The only environmental issues associated with Piney and Deep Creek include secondary containment for the lube oil tanks and emergency batteries and petroleum hydrocarbon contaminated soil at Piney. The extent of the contamination has not yet been determined. There are no sources of air pollution at either station as there are no combustion sources.

Although Deep Creek was originally licensed by FERC, FERC notified the Maryland Water Resources Administration by letter dated January 11, 1994 that the project was no longer under FERC jurisdiction. Deep Creek presently operates under a State of Maryland DNR Water Appropriations Permit Number GA92S009 (02). This permit was issued on October 1, 1999 and expires on January 1, 2006. Deep Creek personnel advised that the DNR plans to transfer this permit to REMA without change to the conditions or the expiration date. At the expiration, the operating conditions stipulated by the permit would be subject to revision.

Deep Creek has a staff of two full-time people, with an off-site superintendent at Seward. This staffing level represents a reduction from three full-time people in 1997 and from four full-time people in 1995. Supplementary staffing has been provided by temporary employees.


Deep Creek personnel provided the following data on historical expenditures for O&M.


1997 $506,000
1998 $501,000
1999 $351,000

REMA’s projected labor, other O&M, and capital expenses are shown in the following table.


2000 $ 450,000 $ 95,000 $ 545,000
2001 $ 450,000 $ 600,000 $1,050,000
2002 $ 450,000 $ 0 $ 450,000
2003 $ 450,000 $ 600,000 $1,050,000
2004 $ 450,000 $ 450,000 $ 900,000

The O&M costs for the year 2000 include $250,000 for OCB replacement that has already been completed. The O&M costs for 2001 include $150,000 for voltage regulator upgrade. The budget provided appears to be reasonable. In Stone & Webster’s opinion, the assumed level of capital and overhaul expenses included in the detailed forecast are adequate to keep the station operating reliably through the projected retirement date.


Deep Creek appears to be maintained in very good operational condition based on the observations made during our site visit. The following maintenance activities are scheduled for the next five years:

  • 2001 Two week clean-up inspection
  • 2002 Two week clean-up inspection
  • 2003 Three week internal inspection/unit
  • 2004 Two week clean-up inspection
  • 2005 Two week clean-up inspection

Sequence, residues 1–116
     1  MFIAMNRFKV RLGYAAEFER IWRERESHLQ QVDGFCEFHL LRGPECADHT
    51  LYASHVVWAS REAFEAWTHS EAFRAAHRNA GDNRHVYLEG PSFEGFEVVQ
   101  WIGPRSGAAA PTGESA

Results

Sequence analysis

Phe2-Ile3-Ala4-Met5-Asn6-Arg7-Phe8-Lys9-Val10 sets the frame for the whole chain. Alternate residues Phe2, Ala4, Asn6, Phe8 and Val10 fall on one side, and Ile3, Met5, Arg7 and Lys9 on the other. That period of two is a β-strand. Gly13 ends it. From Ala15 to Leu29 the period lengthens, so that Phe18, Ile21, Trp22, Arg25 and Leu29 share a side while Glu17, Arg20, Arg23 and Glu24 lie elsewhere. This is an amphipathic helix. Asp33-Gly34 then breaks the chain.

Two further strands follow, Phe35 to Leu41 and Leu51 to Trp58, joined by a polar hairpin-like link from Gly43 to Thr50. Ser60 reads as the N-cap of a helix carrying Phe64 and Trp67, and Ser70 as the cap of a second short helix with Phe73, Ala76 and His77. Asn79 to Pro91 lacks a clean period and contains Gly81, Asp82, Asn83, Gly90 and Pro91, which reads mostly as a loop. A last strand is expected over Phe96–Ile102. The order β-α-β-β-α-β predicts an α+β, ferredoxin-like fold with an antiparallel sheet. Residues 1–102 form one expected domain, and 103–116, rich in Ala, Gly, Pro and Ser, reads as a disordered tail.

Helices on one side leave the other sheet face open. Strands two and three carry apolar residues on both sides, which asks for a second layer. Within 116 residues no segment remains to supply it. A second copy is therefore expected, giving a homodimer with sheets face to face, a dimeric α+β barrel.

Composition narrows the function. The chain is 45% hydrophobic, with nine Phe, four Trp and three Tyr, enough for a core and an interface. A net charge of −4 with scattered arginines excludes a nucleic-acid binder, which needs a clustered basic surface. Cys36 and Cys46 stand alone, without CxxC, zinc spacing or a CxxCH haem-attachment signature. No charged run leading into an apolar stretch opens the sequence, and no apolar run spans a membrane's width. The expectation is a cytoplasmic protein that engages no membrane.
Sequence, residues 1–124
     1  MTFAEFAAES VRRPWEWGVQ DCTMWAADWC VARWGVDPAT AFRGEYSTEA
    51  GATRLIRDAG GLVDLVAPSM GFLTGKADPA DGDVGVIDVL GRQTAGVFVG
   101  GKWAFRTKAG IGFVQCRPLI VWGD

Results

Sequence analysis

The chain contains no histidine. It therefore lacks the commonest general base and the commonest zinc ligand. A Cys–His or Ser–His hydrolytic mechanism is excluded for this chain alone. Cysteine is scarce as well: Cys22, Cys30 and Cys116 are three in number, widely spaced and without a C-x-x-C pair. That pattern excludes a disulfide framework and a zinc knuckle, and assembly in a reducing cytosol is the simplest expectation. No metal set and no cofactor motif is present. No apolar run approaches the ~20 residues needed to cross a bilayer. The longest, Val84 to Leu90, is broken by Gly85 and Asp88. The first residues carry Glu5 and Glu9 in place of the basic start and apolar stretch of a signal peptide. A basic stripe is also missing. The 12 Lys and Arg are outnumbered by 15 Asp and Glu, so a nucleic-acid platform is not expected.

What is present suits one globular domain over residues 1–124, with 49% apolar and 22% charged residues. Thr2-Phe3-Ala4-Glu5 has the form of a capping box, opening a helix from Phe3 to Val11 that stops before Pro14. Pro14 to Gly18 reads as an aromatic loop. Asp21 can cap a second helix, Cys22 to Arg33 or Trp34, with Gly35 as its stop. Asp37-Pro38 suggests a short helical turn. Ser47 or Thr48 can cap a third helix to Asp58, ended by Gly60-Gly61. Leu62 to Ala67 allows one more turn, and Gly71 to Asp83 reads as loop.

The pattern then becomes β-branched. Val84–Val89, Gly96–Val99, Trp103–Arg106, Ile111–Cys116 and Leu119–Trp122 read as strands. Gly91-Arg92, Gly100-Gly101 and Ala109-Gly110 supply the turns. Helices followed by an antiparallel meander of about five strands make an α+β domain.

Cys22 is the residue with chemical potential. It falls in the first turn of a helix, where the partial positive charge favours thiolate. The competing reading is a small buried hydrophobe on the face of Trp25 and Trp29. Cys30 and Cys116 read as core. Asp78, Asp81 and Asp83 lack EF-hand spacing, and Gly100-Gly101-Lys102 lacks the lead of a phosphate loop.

REMA will convert the maintenance management to the SAP America system as discussed in section 6.3.3. It is considered to be an acceptable maintenance tracking system in the industry.

  1. Deeds from Penelec to Sithe Maryland Holdings LLC (for Deep Creek), dated as of November 19, 1999
  2. Easement and License Agreements between Penelec and Sithe Maryland Holdings LLC (for Deep Creek), dated as of November 19, 1999
  3. Deep Creek Hydroelectric Generating Station Former Williamsburg Generating Station Keystone Generating Station
  4. Deep Creek Hydroelectric Generating Station East Flemington Substation
Deep Creek easement 1/31/91 Site, Douglas et ux. Right-of-way
Deep Creek easement 5/31/39 Potomac Edison Co. Lines and wires (Sang Run #6)
Deep Creek easement 9/13/90 Legacy Homes Corp. 2 storm water discharges
Deep Creek grant Maybury, Robert H. et. al. Privilege for 30’ roadway
Deep Creek lease 9/22/97 Helbig, Jacob Premises at 141 Mayhew Inn Road
Deep Creek lease 6/13/91 Elston, Thomas N. et.al. 3 lots
Deep Creek Co-Insurance Schedule delivered 11/24/99 Lawyers Title Corporation and Stewart Title Insurance Company Co-Insurance Schedule and Endorsement for Deep Creek owner’s title policy
Deep Creek Unit 1-Oil Circuit, Breakers, Annual Inspection 01/10/00-01/21/00 2 weeks
Deep Creek Unit 25-Oil Circuit, Breakers, Annual Inspection 01/24/00-02/04/00 2 weeks

7.4 Transmission Operating Requirements

Figure x - Typical Load Profile.

7.4.1 System Restoration: Deep Creek Station can supply black start energy to the 115 kV transmission system. In the event that a system-wide blackout occurs, the station may be called upon to provide an initial source of energy for the restoration of the Company and regional transmission systems. When requested, the Producer will start the generating units and coordinate their operation with the Transmission Operators.